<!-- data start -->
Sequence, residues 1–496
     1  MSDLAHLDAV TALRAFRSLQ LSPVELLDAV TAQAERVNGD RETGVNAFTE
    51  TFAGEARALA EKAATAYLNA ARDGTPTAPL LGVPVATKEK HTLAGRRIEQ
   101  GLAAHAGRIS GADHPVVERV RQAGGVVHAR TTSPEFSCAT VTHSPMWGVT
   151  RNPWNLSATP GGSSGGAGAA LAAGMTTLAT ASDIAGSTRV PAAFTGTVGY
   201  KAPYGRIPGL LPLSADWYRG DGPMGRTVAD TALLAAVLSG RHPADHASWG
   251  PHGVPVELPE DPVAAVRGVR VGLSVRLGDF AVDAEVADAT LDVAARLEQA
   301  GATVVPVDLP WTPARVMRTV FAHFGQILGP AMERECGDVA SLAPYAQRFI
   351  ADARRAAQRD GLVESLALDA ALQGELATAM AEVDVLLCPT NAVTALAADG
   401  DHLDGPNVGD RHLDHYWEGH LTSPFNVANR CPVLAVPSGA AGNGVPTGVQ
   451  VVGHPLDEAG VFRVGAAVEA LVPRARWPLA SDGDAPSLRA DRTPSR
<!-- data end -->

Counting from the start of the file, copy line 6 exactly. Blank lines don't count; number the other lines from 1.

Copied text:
   201  KAPYGRIPGL LPLSADWYRG DGPMGRTVAD TALLAAVLSG RHPADHASWG